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Legal Requirements as Mobile Devices Inundate Offices

Protus3Compliance, Computer Forensics, Crisis Management Planning, Electronic Data Recovery, Intellectual Property, Security Program Development

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By Elizabeth Johnson
Originally published in Business North Carolina’s Law Journal, May 2012 issue

With 87% of employees confirming they use personal electronic devices for work, designing a workable “bring-your-own-device” program is probably overdue. BYOD is a tricky issue; 48% of companies claim they would never authorize employees to use personal devices for work, but 57% acknowledge that employees do it anyway. The wave of mobile devices has already flooded your offices. It’s time to figure out what to do about it.

Talent recruitment and cost concerns

Almost half of college students and young employees say they would accept lower pay in exchange for flexibility on device choice, social media and mobility, indicating it will be difficult to compete for new talent without adopting a BYOD policy. Your business may be able to save on device purchases and information technology support, but all that savings could be wiped away if a lost personal device results in a reportable security breach (average response cost is over $5 million) or if sanctions result because contents of the device are considered discoverable in litigation but cannot be produced.

Productivity and social media

Let’s be realistic: Your employees already use Facebook during work time, and blocking the site won’t help since we’ve already established that they use personal devices at work. Think of BYOD as a means to retrieve some of those lost hours. Seventy-two percent of employees regularly check their emails from personal devices outside normal business hours, and 42% check even when out sick.

If you enable BYOD, social media use may go up, but temper your zeal to prohibit or monitor that use. In recent years, employers have been repeatedly dinged by the National Labor Relations Board for overly broad social-media policies, were found liable for accessing employees’ social-media communication in unauthorized ways, and scaled back reviews of social-network sites due to Fair Credit Reporting Act liability. Employers should revisit their social-media policies to make sure they are not already running afoul of this rapidly evolving list of pitfalls.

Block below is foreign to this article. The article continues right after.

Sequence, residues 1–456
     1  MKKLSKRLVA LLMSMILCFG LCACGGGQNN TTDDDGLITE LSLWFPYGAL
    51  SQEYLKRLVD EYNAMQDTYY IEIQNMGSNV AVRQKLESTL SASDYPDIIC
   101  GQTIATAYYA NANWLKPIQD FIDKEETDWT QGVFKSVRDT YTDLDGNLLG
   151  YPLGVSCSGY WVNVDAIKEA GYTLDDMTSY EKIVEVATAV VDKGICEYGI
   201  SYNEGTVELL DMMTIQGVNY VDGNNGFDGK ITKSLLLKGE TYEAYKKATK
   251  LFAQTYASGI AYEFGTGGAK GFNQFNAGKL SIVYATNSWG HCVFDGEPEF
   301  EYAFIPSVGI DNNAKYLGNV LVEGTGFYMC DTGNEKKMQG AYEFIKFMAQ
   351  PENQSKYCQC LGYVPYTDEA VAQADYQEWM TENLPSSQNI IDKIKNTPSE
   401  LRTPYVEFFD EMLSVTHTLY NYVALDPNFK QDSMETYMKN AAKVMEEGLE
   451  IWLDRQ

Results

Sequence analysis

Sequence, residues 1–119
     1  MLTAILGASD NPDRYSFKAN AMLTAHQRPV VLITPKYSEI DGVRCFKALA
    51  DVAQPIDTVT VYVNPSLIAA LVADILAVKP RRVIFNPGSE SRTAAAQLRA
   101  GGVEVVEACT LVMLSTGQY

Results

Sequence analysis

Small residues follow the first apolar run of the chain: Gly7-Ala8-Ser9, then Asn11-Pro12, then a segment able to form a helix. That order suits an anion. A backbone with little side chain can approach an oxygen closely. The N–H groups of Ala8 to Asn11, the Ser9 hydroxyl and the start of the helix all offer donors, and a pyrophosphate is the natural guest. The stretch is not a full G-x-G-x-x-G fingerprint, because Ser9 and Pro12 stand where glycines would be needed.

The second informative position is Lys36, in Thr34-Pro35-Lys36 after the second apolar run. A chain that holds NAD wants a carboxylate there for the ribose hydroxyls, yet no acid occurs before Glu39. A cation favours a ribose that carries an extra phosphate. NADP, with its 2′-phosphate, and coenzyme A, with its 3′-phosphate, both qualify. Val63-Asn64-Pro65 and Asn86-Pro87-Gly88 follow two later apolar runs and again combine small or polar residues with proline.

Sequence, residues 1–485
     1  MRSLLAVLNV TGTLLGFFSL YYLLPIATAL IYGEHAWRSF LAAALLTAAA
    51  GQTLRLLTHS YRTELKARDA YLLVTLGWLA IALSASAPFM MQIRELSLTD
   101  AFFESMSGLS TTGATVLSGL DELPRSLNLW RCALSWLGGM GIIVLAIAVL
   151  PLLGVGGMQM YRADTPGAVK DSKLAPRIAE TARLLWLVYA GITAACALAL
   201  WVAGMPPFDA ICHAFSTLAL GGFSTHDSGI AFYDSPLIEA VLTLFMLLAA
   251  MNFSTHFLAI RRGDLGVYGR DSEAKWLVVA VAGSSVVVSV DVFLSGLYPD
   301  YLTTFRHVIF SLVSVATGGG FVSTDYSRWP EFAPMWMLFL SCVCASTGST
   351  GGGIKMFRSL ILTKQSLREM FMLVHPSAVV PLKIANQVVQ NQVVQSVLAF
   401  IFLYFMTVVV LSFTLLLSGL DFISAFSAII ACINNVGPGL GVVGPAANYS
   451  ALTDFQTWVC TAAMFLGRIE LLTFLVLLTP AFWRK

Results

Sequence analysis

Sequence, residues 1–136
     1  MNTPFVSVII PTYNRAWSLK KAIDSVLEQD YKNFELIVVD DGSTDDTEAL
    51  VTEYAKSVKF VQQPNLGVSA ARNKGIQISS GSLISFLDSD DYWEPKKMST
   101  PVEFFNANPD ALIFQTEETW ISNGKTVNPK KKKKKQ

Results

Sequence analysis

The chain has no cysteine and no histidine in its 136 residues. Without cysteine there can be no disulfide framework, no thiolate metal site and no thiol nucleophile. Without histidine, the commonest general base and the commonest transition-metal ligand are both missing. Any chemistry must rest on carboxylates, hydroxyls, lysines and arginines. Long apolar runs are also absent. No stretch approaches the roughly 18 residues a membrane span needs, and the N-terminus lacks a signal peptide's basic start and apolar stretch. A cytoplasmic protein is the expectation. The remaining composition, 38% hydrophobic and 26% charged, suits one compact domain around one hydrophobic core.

Information security and compliance

Here are a few examples of the potential impact of BYOD on security and compliance:

  • Device loss or theft could result in a security breach that must be reported to regulators and affected individuals if personal information is involved and potentially to business partners if confidential information is involved. Loss of access credentials can jeopardize enterprise security.
  • Almost three-quarters of Americans report they have no malware protection on their mobile devices. You can almost hear data slithering off the devices.
  • Access controls are nonexistent or may be purposely defeated by employees who share their devices with their households.
  • Transmission security will be ad hoc or nonexistent if not provided by the enterprise. For health-care companies, financial institutions and other highly regulated industries, compliance challenges arise, such as encryption, access controls, authentication and password management.

Most of these controls are required even for less regulated industries, especially given the increased risks posed by BYOD.

Privacy concerns

Like it or not, employees have some privacy rights not impacted by your dusty old electronic-communications policy that undoubtedly warns they have no expectation of privacy when using your equipment. Although you can revise the scope for BYOD, your employee owns the device and is clearly entitled to make personal use of it. Similarly, that device essentially tracks their whereabouts 24/7 and reflects all manner of activities, such as websites visited, items purchased, books read, games played, photos taken, apps used and calls and messages sent and received. Your business needs to decide the extent to which it needs to know such information and plan accordingly.